My first encounter of the week involved a guy complimenting my perfume and asking what scent it was. Innocent enough. I tell him and he asks me to smell his neck and tell him what cologne I think he’s wearing. I tell him that I don’t know and he says, “Me neither” with a wink. WHAT DOES THAT EVEN MEAN?! Did he really think that I’d be dying to go home with him in hopes of finding out what cologne he uses? First of all, guys, please don’t ever use this line (if you can even call it that) on a girl. And if you’re going to compliment us, don’t then direct the compliment back to yourself. If we’re at all interested, we’ll let you know.

My second encounter involved a guy inviting me to follow him and his friend to another area of the bar to dance. Again, innocent enough, but I shook my head because a) I have a boyfriend and b) I was already having a great time dancing with my friends. About 10 minutes later, he walks up and starts pointing at me while whispering something in his friend’s ear. Not wanting to deal with whatever this was, I had my friend inform them that they should probably move along. The guy then asks me if that was my boyfriend and when I tell him, “No, but I do have a boyfriend,” he proceeds to make out with a girl within elbow distance in what I’m assuming was an attempt to make me jealous. The thing is, the girl he was making out with and aggressively pulling the hair of (?!) was very wasted and so I was very much concerned for her. Guys: if we tell you that we aren’t interested, respect that and move on. Like, literally move on to another area of the bar. Also, don’t take advantage of too-drunk girls. Just don’t.

My third encounter was probably with an actual creep, but there’s still some valuable lessons there. I received a call on Monday at 8 a.m. from a guy who had been given a number by a girl he met on the weekend. Turns out, the girl had given him a fake number that turned out to be mine (lucky me). The conversation should have been him asking for the girl, me telling him he had the wrong number, and him hanging up. Instead, the phone call lasted five minutes because he refused to believe that I wasn’t this girl. At one point, he even asked if I lived on a particular street because that’s where this girl told him she lived. Still, the weirdest part of this phone call was the fact that he was calling her at 8 a.m. on a Monday.

That evening, I receive a text from the same guy that says, “Hi.” I inform him right away that, again, he has the wrong number. He then tells me he wishes it was the “rite #” [sic] and when I don’t reply, apologizes and says goodbye. A few minutes later, he tells me that I “did sound pretty sweet on the phone” and then proceeds to ask me out for a drink. I tell him that I have a boyfriend and I’ll have to pass, to which he says, “Iwas just saying, yes or no. If it’s no we just going leave it like this I won’t text or call back ok” [sic]. Apparently, this guy thought it was fate that he was given my number as a fake by some girl who obviously wasn’t interested in him and refused to believe that I also wasn’t interested. So, yeah, don’t ever assume that you can sway a girl you don’t know into suddenly liking you and please don’t ever be this guy.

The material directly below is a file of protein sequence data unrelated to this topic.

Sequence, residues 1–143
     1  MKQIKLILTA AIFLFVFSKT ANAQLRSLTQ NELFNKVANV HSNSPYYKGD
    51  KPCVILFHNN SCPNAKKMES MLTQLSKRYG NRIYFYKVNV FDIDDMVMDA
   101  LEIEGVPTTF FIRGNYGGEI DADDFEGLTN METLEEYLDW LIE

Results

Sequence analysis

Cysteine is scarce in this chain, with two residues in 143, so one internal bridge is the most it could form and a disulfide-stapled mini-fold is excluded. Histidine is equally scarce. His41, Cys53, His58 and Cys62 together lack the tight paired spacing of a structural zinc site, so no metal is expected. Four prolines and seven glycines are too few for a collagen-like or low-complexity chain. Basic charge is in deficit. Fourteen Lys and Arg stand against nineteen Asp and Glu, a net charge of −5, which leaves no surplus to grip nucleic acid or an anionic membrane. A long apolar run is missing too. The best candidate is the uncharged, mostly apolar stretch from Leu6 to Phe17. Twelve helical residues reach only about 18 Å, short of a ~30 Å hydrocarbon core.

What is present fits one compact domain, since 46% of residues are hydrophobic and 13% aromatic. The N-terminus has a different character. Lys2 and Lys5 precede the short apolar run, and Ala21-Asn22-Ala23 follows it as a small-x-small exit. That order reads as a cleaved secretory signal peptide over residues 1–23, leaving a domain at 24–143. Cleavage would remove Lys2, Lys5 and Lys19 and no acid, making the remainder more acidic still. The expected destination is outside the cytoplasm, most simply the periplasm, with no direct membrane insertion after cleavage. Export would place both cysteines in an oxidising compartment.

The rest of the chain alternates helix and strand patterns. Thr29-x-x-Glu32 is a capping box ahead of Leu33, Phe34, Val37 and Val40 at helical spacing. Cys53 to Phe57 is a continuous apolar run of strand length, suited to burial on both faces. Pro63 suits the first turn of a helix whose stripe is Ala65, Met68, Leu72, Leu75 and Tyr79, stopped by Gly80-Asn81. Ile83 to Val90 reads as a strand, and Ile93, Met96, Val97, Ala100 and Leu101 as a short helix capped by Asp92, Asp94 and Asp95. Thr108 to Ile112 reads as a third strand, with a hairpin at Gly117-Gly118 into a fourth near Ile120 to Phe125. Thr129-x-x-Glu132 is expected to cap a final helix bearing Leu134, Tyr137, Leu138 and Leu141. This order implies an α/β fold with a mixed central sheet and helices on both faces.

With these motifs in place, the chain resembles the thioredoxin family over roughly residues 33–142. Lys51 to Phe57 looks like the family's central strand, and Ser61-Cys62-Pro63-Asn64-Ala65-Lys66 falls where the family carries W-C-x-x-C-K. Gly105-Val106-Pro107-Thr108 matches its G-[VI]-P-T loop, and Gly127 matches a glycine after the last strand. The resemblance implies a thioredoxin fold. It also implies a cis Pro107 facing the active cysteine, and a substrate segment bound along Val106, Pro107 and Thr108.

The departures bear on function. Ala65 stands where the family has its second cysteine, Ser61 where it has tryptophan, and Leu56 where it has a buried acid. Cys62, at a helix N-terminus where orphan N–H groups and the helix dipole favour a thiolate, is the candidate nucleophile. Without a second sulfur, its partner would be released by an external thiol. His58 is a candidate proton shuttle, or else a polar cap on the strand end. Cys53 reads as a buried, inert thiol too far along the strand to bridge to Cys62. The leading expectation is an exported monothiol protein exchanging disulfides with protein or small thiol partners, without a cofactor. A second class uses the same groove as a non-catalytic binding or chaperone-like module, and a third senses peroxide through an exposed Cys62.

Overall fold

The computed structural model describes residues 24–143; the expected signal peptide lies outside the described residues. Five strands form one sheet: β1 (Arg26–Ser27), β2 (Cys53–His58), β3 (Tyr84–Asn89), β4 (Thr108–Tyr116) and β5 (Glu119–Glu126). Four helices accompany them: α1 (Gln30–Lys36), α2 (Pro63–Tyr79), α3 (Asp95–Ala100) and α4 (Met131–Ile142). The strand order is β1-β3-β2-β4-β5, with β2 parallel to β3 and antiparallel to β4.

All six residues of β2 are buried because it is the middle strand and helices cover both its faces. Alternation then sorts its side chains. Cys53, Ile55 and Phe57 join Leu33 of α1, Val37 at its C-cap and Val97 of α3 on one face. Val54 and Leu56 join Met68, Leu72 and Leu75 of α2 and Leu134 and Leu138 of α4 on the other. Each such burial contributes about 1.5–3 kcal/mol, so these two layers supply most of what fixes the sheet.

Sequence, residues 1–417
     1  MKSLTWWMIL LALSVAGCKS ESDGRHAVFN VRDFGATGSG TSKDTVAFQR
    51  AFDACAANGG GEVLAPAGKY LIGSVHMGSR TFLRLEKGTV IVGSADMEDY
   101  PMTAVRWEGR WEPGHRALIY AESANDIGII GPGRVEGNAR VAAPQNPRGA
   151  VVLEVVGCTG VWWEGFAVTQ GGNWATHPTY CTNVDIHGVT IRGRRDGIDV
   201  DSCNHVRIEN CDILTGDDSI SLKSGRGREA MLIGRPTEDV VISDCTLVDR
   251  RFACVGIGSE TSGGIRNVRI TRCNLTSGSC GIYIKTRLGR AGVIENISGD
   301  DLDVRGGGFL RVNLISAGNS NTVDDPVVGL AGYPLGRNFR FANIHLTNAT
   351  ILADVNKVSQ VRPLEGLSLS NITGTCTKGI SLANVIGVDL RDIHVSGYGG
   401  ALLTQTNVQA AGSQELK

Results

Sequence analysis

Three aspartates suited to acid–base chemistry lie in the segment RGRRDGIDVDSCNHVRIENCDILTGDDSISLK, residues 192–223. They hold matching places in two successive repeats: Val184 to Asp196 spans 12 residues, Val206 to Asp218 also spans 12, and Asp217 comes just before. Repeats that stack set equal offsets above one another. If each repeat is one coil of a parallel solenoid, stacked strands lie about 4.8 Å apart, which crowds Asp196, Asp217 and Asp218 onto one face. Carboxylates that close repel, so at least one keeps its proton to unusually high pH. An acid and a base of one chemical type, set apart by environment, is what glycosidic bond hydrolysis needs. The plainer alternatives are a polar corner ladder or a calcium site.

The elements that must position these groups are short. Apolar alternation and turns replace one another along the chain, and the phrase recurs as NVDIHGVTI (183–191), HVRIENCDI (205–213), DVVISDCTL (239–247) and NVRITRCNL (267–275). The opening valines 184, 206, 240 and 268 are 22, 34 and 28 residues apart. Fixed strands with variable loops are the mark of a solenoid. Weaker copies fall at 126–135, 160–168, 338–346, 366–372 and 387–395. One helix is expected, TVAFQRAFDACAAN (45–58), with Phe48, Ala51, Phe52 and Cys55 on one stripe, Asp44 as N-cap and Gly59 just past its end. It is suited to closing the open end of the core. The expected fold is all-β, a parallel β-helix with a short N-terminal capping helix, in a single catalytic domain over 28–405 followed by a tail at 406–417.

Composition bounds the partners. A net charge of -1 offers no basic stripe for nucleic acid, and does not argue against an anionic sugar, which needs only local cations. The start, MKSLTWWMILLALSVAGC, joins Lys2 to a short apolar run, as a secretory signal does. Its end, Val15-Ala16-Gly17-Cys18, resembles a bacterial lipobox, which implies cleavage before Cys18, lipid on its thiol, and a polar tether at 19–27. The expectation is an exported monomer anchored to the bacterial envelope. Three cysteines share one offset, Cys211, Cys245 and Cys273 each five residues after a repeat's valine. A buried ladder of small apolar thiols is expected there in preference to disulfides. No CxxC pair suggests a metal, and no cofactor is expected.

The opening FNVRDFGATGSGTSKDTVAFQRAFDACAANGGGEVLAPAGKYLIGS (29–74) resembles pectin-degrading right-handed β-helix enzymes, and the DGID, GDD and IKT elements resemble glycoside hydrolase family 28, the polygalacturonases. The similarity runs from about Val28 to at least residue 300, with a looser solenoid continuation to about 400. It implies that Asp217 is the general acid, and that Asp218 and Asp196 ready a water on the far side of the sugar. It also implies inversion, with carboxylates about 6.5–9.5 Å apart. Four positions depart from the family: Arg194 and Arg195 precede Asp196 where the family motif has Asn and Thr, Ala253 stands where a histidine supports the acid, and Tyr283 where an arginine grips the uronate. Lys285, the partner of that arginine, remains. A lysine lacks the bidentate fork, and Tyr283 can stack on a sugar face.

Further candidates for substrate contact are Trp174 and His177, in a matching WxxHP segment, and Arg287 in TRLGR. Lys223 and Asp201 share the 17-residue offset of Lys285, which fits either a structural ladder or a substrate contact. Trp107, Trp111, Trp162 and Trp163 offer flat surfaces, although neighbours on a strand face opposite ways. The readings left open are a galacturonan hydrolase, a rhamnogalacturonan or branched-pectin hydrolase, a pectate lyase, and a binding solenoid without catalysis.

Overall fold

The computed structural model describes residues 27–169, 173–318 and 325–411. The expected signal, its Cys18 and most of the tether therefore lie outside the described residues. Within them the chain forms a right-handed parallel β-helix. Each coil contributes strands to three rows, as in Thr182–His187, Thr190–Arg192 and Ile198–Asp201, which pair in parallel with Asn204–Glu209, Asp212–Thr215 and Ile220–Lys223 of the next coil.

If you’re a fellow who likes to hit the town, please know that creeps are not bad boys and being a creep is not being suave. If you can’t drink and flirt properly, don’t. You will have a far better chance at picking up/getting a date with/dancing with a girl if you skip the cheesy pick up lines and keep your hands off until they’re welcomed. A guy playing hard to get is always sexier than a guy trying too hard and chances are, if you’re trying too hard, you’ve entered the creep zone.

* Published on March 7, 2013 at She Does the City

ZZ Ward sings the blues at the Mod Club

In Concert Reviews, Music on March 13, 2013 at 6:14 pm

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The best kind of shows are the ones that bring out all demographics. Case in point: ZZ Ward at the Mod Club last night. The 24-year-old singer-songwriter has been compared to everyone from Adele to Fiona Apple, so it’s no surprise that her music has wide appeal.

Currently on the road with Delta Rae, ZZ has sold out every show along her tour down to SXSW. If Thursday’s show at the Mod Club is any indication, you’ll be seeing and hearing her everywhere very soon.

Her setlist included the stunning acoustic offering “Save My Life,” “Charlie Ain’t Home” (her response to Etta James’ “Waiting For Charlie”), a very authentic cover of Son House’s “Grinnin’ in Your Face,” and her hit “Put the Gun Down,” to name a few. She revealed that several of her songs were written about a certain person who broke her heart, and I’m sure he’s kicking himself now.

ZZ’s hour-long set was not only a testament to her voice (it might have been one of the best vocal performances I’ve seen live) but also her stage presence, which commanded the attention of the entire venue. She engaged with the audience, rocked out with her band, and showed off her ability to play everything from guitar to keyboard to harmonica. She may hail from Oregon, but the girl does the blues justice.

* Published on March 4, 2013 at She Does the City.

Rising singer/songwriter ZZ Ward talks to us about performing on Conan, making the move to L.A., and getting a puppy

In Interview, Music, Q&A on March 1, 2013 at 8:30 pm
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Photo credit: ZZ Ward

From late night talk shows to mentions in Rolling Stone magazine, ZZ Ward is taking the music world by storm. And really, it’s no surprise—the girl is talented, has collaborated with the likes of Kendrick Lamar, and has a song that was remixed by Passion Pit. Her debut album Til the Casket Drops is a unique blend of blues, hip-hop, soul, and pop, and includes the hits “Put the Gun Down” and “Criminal.” Currently on tour with Delta Rae, we spoke to ZZ before her show at The Mod Club (which is tonight!).